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      Is Open Access

      Dissecting the sharp response of a canonical developmental enhancer reveals multiple sources of cooperativity

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          There is no author summary for this article yet. Authors can add summaries to their articles on ScienceOpen to make them more accessible to a non-specialist audience.

          Abstract

          Developmental enhancers integrate graded concentrations of transcription factors (TFs) to create sharp gene expression boundaries. Here we examine the hunchback P2 (HbP2) enhancer which drives a sharp expression pattern in the Drosophila blastoderm embryo in response to the transcriptional activator Bicoid (Bcd). We systematically interrogate cis and trans factors that influence the shape and position of expression driven by HbP2, and find that the prevailing model, based on pairwise cooperative binding of Bcd to HbP2 is not adequate. We demonstrate that other proteins, such as pioneer factors, Mediator and histone modifiers influence the shape and position of the HbP2 expression pattern. Comparing our results to theory reveals how higher-order cooperativity and energy expenditure impact boundary location and sharpness. Our results emphasize that the bacterial view of transcription regulation, where pairwise interactions between regulatory proteins dominate, must be reexamined in animals, where multiple molecular mechanisms collaborate to shape the gene regulatory function.

          eLife digest

          Building an organism from scratch requires genes to be switched on or off at precisely the right time, in the right place, and at the right level. Enhancers are stretches of DNA that work as switches to turn on target genes. For instance, in the front part of fruit fly embryos, the P2 enhancer switches on a gene called Hunchback, which is crucial for development.

          A number of molecular actors, including proteins called transcription factors, work together to turn on genes by interacting with enhancers. Genes like Hunchback can turn on suddenly, even though they are controlled by transcription factors whose levels are changing gradually: in other words, if Hunchback were controlled by a light switch with a dimmer, the light would suddenly come on as the dimmer was gradually moved up. For enhancers, the question is how transcription factors interact with DNA to convert a gradual input into an abrupt, sharp switch. A commonly accepted view is that Hunchback is turned on when molecules of a transcription factor called Bicoid help each other to bind to multiple binding sites on the P2 enhancer.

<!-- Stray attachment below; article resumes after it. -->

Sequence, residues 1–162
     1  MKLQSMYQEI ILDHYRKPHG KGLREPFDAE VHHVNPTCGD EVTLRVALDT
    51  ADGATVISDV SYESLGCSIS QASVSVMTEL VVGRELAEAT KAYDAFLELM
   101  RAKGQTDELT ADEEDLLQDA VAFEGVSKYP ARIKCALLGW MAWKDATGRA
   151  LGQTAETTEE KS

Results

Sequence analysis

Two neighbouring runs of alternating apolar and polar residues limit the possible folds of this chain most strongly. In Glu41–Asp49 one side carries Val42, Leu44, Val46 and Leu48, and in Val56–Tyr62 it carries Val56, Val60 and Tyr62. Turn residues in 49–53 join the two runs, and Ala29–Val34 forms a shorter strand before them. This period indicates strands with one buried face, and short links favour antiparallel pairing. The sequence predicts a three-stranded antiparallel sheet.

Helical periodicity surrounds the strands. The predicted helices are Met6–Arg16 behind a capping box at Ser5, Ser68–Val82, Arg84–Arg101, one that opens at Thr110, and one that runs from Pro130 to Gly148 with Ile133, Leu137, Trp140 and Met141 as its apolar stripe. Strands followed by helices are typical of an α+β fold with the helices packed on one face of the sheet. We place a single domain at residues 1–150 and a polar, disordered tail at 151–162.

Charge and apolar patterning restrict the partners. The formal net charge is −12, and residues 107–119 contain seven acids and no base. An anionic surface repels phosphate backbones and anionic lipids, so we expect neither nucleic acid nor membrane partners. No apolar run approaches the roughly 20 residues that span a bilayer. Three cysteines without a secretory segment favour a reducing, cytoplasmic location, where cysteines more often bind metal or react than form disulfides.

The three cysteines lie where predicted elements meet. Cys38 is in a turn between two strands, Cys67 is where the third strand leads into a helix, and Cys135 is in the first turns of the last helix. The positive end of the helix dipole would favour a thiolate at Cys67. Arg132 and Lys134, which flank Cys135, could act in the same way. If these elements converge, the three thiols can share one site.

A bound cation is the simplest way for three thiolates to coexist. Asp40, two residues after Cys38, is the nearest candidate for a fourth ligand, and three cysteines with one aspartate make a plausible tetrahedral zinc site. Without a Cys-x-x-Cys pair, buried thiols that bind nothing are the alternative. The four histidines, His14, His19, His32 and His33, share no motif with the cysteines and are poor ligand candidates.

Park et al. investigated this mechanism by examining how the Hunchback gene responded to changes in the sequence of the P2 enhancer, and to changes in the levels of regulatory proteins that bind to it. The resulting observations were then compared to mathematical models that simulate turning on Hunchback under different conditions. The experiments revealed that, in fact, switching on Hunchback requires more than Bicoid proteins helping each other to bind on the P2 enhancers. Molecules other than Bicoid were also needed, and the cell also potentially had to burn energy.

          Variations in the sequence of enhancers are linked to evolution of new species but also to problems in development or even diseases such as cancer. Understanding precisely how these sequences turn on genes will give us insight into which types of changes are important for disease and evolution.

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          Most cited references 90

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          Transcription factors: from enhancer binding to developmental control.

          Developmental progression is driven by specific spatiotemporal domains of gene expression, which give rise to stereotypically patterned embryos even in the presence of environmental and genetic variation. Views of how transcription factors regulate gene expression are changing owing to recent genome-wide studies of transcription factor binding and RNA expression. Such studies reveal patterns that, at first glance, seem to contrast with the robustness of the developmental processes they encode. Here, we review our current knowledge of transcription factor function from genomic and genetic studies and discuss how different strategies, including extensive cooperative regulation (both direct and indirect), progressive priming of regulatory elements, and the integration of activities from multiple enhancers, confer specificity and robustness to transcriptional regulation during development.